The chairwoman of Kentucky Voices for Health questioned how health outcomes would be improved for those who are locked out for non-payment as well as the administration’s decision to forgo dental and vision coverage.
“What sounds like a little bit of money, I think, really ends up being a lot of money,” she told reporters. “So again, from the mental health, substance use side of it, I’m very excited by what they’re proposing with the project on substance use and keeping the mental health benefits, but there’s a lot here, I think, to be concerned about.”
Susan Zepeda, president and CEO of the Foundation for a Healthy Kentucky, said her group will closely review the Bevin administration’s proposal.
“Our initial read of the proposal finds that there are areas to applaud in the proposal, including aligning Managed Care Organization practices for greater efficiency, incentives for evidence-based healthy behaviors such as quitting smoking and obtaining a health risk assessment, expansion of presumptive eligibility sites (including local health departments), and commitment to drug use disorder and mental health services,” Zepeda said in a statement.
“The proposal also raises concerns, including the exclusion of dental and vision benefits in the standard benefits package, anticipated significant drops in Medicaid enrollment, elimination of retroactive eligibility and re-enrollment requirements and penalties for those who fail to pay mandated premiums.”
The group headed by Beshear, Save Kentucky Healthcare, said that Bevin “declared war on Kentucky’s working families” during his news conference in the Capitol Rotunda on Wednesday.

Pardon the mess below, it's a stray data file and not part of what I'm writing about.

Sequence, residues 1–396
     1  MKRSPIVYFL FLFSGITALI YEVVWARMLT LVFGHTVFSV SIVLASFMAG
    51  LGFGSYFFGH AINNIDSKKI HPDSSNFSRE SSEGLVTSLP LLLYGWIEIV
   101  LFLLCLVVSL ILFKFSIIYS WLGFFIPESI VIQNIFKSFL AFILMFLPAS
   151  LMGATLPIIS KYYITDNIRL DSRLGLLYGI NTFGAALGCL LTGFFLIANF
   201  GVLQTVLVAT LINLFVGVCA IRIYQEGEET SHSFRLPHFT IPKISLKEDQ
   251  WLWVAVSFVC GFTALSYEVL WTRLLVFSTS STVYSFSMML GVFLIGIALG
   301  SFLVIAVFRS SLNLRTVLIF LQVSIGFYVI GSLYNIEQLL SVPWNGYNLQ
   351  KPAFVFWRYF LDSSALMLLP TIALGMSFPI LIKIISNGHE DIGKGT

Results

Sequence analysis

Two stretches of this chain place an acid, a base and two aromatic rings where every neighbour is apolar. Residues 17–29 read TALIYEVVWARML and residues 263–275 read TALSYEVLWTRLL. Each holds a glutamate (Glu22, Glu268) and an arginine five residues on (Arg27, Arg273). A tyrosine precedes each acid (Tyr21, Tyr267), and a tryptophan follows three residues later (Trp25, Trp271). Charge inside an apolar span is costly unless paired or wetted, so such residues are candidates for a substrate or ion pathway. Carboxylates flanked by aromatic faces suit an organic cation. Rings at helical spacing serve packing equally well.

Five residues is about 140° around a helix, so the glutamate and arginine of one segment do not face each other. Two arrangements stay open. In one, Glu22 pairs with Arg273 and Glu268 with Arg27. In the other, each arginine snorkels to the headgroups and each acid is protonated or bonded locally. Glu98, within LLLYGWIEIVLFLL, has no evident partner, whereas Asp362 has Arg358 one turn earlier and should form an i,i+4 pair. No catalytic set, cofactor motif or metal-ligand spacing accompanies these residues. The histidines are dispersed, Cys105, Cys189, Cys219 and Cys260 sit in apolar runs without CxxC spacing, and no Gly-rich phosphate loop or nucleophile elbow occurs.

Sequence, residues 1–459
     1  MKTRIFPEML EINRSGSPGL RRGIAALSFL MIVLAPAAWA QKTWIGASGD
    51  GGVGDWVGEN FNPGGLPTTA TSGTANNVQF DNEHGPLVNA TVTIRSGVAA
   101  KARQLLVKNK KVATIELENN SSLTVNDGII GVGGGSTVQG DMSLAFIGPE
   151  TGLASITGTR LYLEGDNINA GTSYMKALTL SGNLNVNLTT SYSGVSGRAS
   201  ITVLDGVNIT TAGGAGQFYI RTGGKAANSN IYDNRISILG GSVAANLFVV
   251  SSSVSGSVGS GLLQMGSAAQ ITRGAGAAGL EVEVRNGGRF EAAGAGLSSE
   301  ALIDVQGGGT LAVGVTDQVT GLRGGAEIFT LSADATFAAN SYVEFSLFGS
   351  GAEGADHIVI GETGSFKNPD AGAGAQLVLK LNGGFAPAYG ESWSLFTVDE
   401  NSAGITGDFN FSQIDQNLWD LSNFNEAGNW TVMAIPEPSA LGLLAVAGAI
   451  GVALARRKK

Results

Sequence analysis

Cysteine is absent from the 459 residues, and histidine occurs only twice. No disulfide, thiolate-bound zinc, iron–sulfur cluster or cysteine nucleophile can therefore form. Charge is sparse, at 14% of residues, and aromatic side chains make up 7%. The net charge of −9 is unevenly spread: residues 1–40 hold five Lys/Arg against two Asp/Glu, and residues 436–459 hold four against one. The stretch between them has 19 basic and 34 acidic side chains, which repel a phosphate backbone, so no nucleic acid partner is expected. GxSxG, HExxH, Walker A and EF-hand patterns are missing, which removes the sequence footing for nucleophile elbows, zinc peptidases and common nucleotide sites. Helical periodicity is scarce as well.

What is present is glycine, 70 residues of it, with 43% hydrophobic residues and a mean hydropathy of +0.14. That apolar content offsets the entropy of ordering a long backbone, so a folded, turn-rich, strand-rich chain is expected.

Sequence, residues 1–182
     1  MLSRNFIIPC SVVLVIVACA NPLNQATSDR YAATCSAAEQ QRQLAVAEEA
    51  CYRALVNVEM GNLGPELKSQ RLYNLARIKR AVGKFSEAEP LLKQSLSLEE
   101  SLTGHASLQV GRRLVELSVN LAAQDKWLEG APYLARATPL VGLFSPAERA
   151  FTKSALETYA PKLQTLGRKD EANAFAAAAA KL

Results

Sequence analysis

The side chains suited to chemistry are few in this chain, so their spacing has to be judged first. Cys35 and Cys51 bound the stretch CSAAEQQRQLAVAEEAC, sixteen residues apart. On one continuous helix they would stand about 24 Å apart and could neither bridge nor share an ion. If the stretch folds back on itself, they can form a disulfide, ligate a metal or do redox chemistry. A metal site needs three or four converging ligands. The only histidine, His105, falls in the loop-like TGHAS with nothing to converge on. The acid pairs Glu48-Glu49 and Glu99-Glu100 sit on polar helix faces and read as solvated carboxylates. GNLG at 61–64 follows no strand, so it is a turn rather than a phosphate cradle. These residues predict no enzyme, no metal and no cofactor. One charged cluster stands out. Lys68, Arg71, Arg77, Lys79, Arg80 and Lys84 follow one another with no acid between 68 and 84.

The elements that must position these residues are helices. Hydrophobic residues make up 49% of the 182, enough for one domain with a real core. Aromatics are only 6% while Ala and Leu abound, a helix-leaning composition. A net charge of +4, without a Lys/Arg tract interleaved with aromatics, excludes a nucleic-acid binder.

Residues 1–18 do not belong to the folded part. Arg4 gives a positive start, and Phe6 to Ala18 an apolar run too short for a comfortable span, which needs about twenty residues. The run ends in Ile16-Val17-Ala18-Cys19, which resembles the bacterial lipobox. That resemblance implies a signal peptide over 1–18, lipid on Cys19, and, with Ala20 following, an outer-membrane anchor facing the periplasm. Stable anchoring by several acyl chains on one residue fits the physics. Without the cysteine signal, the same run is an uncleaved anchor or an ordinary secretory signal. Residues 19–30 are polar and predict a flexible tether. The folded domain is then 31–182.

“Gov. Bevin still cannot and will not explain how any of these changes will lead to better health, and he ignores a mountain of third-party evidence demonstrating that the system he inherited is not only effective but also sustainable,” the group said in a statement.
“And contrary to his statement, it is up to Gov. Bevin himself to decide whether to terminate expansion, not the federal government – and the accountability for that decision will lie on his shoulders. Our families deserve better than these petty threats.”
Other health officials praised Bevin’s decision.
“The Kentucky Hospital Association applauds Governor Bevin for his leadership in presenting a comprehensive plan to transform Kentucky’s Medicaid program to achieve better health outcomes for Kentuckians, while also focusing on its financial sustainability,” Michael Rust, president and CEO of the Kentucky Hospital Association, said in a statement. “We look forward to working with the Bevin administration in helping to implement this innovative plan.”
Norton Healthcare President Russell Cox said his group “is encouraged by Governor Bevin’s collaborative approach in seeking an 1115 demonstration waiver from the federal government.”
“Through this process, Medicaid expansion in Kentucky should be preserved and strengthened while improving patient care and being good stewards of the Commonwealth’s resources,” he said in a statement.
Written comments on the proposal can be submitted to Stephen Miller, Department for Medicaid Services, 275 East Main Street, Frankfort, KY 40621, or emailed to firstname.lastname@example.org by 5 p.m. July 22.
Below the Fold
SACS says "chill" on accreditation concerns at UofL; Stivers raised concerns with nominating commission
Ethics commission summoned former Personnel Cabinet employee for interview months before report's release
Education, pro-business, public pension and tax reform legislation await lawmakers when they return to Frankfort in February
Subscribe and get the latest political intelligence delivered to your inbox.